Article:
Neither the president nor the APC possesses the power to determine who wins the presidency in 2023. Such promises are therefore empty. When ex-president Olusegun Obasanjo foisted the late president Umaru Yar’Adua on his party as candidate in the 2007 presidential election, he had to support that atrocious aberration with a whole panoply of rigged ballots to make a qualified success of his political succession plan. The country is much wiser now, less inclined to tolerating political humbug, and a sitting president will need to shift the earth from its orbit to single-handedly determine which zone should produce a president. 

As shown by President Buhari’s own election, it is much harder for a zone or tribe to produce a presidential candidate than for a candidate to develop himself to a level of national acceptability that qualifies him to be given a hearing by more than three or four zones out of Nigeria’s six geopolitical zones. Rather than a zone artificially producing a candidate, the candidate must first produce himself, develop a political persona that is attractive to the electorate, propound a political philosophy, no matter how inchoate, that resonates with the country, and develop a wide circle of friends spread around the country to evangelise for him. Neither the president nor his party has managed to produce such a politician from the Southeast.

So, how can they talk so confidently of Igbo 2023 agenda? Indeed, it is not even the responsibility of anyone, let alone the Southeast zone, to produce such a person, for the country does not want an Igbo, Yoruba or Hausa president, but a president of Igbo, Yoruba or Hausa extraction. Both Dr Obasanjo and President Buhari have shown why it is nonsensical to hanker after a president to satisfy tribal longings and zonal emotions. The opinion of the Yoruba has not changed about Dr Obasanjo, whom they regard as fundamentally at war with their values and ethos, not to say their developmental goals, despite his eight years in office. In fact they saw him as a negator in their developmental struggles. To the political elite in the North, President Buhari is viewed more as clannish and nepotistic than anything else.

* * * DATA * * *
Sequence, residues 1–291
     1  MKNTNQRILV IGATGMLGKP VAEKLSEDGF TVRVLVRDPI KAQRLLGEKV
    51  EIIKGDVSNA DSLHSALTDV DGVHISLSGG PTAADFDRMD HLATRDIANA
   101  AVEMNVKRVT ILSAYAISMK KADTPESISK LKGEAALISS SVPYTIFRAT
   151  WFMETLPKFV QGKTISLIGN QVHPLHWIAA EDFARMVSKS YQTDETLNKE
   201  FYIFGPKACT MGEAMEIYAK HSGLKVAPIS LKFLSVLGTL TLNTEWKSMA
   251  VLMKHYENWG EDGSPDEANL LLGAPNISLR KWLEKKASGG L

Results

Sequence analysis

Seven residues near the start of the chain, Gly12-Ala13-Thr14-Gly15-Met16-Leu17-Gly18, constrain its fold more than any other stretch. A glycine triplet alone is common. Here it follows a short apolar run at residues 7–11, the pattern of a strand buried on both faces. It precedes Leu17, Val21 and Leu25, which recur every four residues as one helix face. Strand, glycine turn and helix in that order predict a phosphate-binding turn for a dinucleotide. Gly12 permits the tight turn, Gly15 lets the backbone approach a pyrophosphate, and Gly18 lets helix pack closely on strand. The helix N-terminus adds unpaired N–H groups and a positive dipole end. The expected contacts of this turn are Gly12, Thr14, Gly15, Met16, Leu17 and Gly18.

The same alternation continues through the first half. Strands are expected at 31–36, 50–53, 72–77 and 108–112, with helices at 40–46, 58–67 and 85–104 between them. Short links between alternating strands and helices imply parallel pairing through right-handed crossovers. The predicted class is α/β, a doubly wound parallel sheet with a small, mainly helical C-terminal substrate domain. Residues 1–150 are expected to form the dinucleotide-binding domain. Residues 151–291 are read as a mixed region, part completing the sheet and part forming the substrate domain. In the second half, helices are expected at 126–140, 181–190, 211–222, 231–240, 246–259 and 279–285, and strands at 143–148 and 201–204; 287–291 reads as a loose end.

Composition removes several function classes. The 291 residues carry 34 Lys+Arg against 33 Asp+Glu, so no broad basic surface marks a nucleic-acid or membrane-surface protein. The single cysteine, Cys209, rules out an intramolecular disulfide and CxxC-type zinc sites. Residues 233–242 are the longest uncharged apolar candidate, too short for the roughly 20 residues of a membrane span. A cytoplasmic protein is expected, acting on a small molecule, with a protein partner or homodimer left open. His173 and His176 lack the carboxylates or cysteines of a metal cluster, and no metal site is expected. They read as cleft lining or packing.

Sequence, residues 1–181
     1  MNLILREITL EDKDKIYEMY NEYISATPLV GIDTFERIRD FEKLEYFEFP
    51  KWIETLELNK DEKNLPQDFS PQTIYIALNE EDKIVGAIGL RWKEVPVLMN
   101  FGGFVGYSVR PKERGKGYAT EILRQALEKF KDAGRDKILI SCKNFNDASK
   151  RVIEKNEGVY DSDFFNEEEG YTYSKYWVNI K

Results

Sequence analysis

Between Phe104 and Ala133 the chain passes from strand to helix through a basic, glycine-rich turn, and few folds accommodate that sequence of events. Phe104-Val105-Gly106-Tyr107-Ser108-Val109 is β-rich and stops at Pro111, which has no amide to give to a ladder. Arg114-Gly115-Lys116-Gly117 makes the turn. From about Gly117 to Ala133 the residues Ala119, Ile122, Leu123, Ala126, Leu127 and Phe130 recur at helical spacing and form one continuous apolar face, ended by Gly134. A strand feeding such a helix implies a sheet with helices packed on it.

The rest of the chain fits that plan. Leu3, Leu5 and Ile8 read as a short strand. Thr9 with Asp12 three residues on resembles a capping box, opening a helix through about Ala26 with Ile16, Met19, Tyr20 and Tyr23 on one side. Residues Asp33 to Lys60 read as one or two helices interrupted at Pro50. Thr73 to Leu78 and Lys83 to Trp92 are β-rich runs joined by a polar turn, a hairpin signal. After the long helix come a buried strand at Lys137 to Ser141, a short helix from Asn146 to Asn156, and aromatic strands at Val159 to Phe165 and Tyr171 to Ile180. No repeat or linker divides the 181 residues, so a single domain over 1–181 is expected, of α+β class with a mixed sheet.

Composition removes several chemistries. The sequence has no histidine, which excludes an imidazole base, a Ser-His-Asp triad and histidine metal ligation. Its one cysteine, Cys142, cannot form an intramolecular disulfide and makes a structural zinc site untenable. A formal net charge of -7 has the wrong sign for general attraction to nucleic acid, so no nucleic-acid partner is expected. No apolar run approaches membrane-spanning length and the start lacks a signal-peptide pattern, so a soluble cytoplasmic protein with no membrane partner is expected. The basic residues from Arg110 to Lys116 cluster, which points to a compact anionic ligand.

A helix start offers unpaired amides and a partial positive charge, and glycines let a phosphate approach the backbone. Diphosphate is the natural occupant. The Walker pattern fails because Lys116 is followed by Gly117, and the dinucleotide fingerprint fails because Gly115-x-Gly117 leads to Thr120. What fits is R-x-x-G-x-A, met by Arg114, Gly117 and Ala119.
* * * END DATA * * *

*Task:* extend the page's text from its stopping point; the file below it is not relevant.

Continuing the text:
To them, and because of his insularity, he is seen as a bad sell for what the North stands for, particularly the inclusive politics the iconic Sardauna of Sokoto, Ahmadu Bello, stood for and propagated. Mr Mustapha’s subordination of Igbo presidential ambition to President Buhari’s re-election is likely to be regarded with alarm in many parts of Nigeria, especially in the Southeast. It reduces politics to a series of buying and selling of defective and inferior goods. It indicates an embarrassing desperation in the president’s camp, a desperation they are apparently willing to spread ethnic veneer on without scruples or principles. 

If the Buhari presidency were as confident of the support of the Middle Belt and the Southwest as it got in 2015, presidential aides would not need to cajole the Southeast with the bait of 2023 presidential candidature. Having enacted a scorched earth policy in some parts of the country, and unsure where it is capable of securing the kind of solid support it received some three years ago, the Buhari presidency will increasingly yield to desperate tactics, even if those tactics appear crassly ethnic.

If the Igbo were to give the Buhari presidency a hearing as Mr Mustapha solicited, they would be torn between seeing his entreaties from the prism of their 2023 ambition, assuming that ambition exists, or from the prism of what they regard as his mistreatment of the Igbo over the Indigenous People of Biafra (IPOB) agitations. They are unlikely to be in a quandary. They have long suspected the president to loath the Southeast; it will take more than Mr Mustapha’s blandishments and Mr Okorocha’s glib rhetoric to change their view of the Buhari presidency. 
They are in fact likely to conclude that if an Igbo politician should desire the presidency, he would have to work hard to convince the country that by his person, ideas, capability, inclusive politics, and political contacts, he is more than qualified for the job. And that once entrusted with the job, he would see the country, not from the jaded prism President Buhari appears enamoured of, but from the uplifting and unifying oneness Nigerians earnestly yearn for.
Source: The Nation